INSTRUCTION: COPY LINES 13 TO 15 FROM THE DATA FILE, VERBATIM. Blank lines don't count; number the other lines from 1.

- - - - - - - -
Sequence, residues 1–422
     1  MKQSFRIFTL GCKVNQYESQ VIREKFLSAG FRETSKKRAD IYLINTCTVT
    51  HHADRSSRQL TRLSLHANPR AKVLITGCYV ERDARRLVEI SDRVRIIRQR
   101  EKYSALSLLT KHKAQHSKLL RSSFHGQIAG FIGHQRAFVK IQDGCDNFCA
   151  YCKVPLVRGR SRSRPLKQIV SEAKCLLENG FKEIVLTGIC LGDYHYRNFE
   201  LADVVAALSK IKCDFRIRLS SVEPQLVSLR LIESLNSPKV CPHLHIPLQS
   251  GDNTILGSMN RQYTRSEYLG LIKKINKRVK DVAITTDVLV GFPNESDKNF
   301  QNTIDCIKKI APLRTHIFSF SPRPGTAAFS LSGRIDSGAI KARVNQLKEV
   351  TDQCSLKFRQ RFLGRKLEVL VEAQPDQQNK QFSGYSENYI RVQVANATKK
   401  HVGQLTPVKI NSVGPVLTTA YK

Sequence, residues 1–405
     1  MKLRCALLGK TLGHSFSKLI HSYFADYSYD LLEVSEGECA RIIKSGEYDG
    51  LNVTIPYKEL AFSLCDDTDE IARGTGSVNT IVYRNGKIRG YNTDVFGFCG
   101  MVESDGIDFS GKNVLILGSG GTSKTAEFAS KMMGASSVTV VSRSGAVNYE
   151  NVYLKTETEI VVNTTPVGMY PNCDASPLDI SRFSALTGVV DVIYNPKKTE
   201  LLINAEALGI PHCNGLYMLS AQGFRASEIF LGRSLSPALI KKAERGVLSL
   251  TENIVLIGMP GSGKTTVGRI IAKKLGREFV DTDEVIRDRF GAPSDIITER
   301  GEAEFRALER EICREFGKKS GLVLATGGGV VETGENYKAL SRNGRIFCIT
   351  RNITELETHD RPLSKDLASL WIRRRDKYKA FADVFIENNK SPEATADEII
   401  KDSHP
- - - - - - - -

    51  LNVTIPYKEL AFSLCDDTDE IARGTGSVNT IVYRNGKIRG YNTDVFGFCG
   101  MVESDGIDFS GKNVLILGSG GTSKTAEFAS KMMGASSVTV VSRSGAVNYE
   151  NVYLKTETEI VVNTTPVGMY PNCDASPLDI SRFSALTGVV DVIYNPKKTE